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'Guillem' Shakespeare & a true Comedy of Errors
Before I start, I should probably say that I have a deep affection for Catalonia and the people I have met there on my travels. Its culture, history and traditions are already incredibly rich enough without any of what follows. So if you detect any ridicule, please know that it’s not aimed at the region itself.
I should also point out that a history of law professor from Valencia immediately rebutted the below theory, saying: “they’re people who have no idea, who don’t understand historical methodology and don’t even know how to look for or read historical documents.”
But let’s not dwell on that. On with the show.
'Guillem' Shakespeare & a true Comedy of Errors
"Some are born Catalan Some become Catalan And some have a Catalan passport thrust upon them" - Twelfth Night (Act 2, Scene 5, misquoted)
Back in 2002, a BBC television poll placed William Shakespere fifth in a list of the 100 Greatest Britons. The poll was won, not unsurprisingly, by Sir Winston Churchill. But it did provide some debatable outcomes. Sir Paul McCartney (19th) finishing five places ahead of the Queen is one such curiosity. David Beckham (33rd) finishing comfortably clear of Charles Dickens (41st), Sir David Attenborough (63rd) and Jane Austen (70th) is perhaps a bit silly to even the most ardant superfan.
No matter your opinion, it turns out we need to do it all again anyway. Not because of the questionable results. Nor because a lot has happened in the intervening 18 years - Tony Blair might struggle to keep his 67th place based on what happened the following year for example. But rather because, as well as the fact that we borrowed/stole a few Irishmen who probably don't identify as Brits, it also turns out that William Shakespere might not be British after all.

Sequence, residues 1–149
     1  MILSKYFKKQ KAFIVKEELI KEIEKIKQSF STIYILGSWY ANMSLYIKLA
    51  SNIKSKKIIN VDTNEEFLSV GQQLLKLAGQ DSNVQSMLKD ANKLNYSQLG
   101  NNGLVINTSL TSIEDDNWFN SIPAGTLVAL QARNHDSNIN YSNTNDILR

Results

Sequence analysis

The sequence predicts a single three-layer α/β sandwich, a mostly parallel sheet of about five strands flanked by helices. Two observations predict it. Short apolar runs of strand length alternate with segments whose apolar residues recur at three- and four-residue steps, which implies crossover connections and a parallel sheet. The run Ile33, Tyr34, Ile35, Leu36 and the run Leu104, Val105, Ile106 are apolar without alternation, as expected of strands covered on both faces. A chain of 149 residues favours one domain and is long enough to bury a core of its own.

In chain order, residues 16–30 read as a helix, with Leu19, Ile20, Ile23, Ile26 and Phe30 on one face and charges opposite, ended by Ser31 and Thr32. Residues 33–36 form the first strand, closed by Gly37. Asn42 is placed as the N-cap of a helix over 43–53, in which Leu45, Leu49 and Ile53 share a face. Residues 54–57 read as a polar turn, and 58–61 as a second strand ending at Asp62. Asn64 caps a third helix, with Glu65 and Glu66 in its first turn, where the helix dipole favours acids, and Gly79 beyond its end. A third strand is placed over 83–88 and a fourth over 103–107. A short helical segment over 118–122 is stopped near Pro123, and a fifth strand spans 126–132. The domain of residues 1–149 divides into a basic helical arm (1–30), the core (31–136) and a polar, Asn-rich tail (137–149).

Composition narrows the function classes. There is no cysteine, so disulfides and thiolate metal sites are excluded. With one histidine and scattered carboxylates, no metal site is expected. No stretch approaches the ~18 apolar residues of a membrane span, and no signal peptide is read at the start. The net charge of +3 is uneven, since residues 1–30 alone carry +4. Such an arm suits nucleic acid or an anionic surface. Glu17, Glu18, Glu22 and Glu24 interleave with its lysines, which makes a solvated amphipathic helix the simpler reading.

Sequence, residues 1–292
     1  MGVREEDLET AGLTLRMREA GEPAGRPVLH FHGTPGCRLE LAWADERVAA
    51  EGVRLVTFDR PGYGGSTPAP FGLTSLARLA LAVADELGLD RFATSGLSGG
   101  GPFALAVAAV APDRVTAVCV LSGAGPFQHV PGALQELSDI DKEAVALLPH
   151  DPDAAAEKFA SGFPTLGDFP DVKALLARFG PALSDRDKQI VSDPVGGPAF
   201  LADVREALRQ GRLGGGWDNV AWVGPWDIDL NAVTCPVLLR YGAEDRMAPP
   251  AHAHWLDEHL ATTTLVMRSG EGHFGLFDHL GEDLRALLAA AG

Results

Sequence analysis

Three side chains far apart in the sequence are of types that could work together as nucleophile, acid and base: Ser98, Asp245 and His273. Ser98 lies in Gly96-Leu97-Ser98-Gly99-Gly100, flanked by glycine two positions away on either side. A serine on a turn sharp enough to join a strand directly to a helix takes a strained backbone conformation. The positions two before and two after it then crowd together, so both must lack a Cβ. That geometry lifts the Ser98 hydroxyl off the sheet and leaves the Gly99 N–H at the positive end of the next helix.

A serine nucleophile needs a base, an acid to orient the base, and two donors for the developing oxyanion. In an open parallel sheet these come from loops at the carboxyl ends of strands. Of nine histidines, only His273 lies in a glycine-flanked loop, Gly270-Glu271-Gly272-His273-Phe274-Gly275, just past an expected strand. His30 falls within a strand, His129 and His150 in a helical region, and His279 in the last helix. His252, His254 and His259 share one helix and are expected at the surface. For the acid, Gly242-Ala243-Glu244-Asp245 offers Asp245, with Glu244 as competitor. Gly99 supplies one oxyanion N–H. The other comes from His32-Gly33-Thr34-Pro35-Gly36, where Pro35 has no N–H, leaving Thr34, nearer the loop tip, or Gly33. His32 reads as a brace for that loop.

Despite an astonishing amount of evidence to the contrary - the fact that his plays were all written in English, the widely accepted notion that he was born and died in Stratford-Upon-Avon - there is a distinct possibility that if we were to prick William, sorry Guillem Shakespeare, he does not bleed English, but rather Catalan.That’s according to the New History Institute, a media company whose ‘investigative’ programming has been in part funded by the Catalan government.
Worse yet, it seems we’ve spent nearly 500 years under the erroneous assumption that old Guillem and Miguel de Cervantes - that great Spanish writer and author of that great Spanish novel Don Quixote - were two different people. They weren’t. They were Joan Miquel Sirvent from Catalonia, obviously. Which does at least provide a more plausible rationale for that (incorrect) notion that both great writers died on the same day. And it also sheds new light on this chap’s extraordinary productivity, publishing the 863 pages of Don Quixote right in the middle of a two-year period which saw him pen Othello, King Lear and Macbeth. That’s quite the purple patch.
And whilst we’re setting the record straight, not content with the artistic genius of Salvador Dalí and Antonio Gaudí, it turns out Leonardo da Vinci is now on Team Catalonia too. Christopher Colombus was actually Joan Colom and a Catalan born and bred. And of the Conquistadors who followed in his wake, Francisco Pizarro, Hernán Cortés and Amerigo Vespucci were actually Francesc Pinós De So i Carròs, Ferran Cortès and Amerigo Despuig. All were more Catalan than Sant Jordi and the Sagrada Familia and were actually claiming the New World for Catalonia, not Spain.
All told, that is an awful lot of dusty history books that we need to rewrite then. But I am sensing a bit of a suspicious pattern developing here. I mean, I can’t really see them laying claim to, say, Donald Trump in a hundred years from now. No one is frantically checking to see if Piers Morgan once spent a weekend in Barcelona or whether he prefers Estrella to Carling. Not until one of them makes a great contribution to human kind anyway, which for most would simply be appearing less frequently on our televisions.
So there you have it. Shakespere’s out, bumping Sir Ernest Shackleton, something of a hero to many an Antarctic explorer and one of the Irish contingent, into the top ten.
But, I ask you this; "what's in a nationality? Does a Bard not sound as sweet by any other nationality?" Maybe we’ll keep him in for now. Just in case none of the above turns out to be true, which we can’t rule out at this stage. Besides, if it comes to it we'll just nick Steinbeck or Hemingway from the Americans and call it quits.
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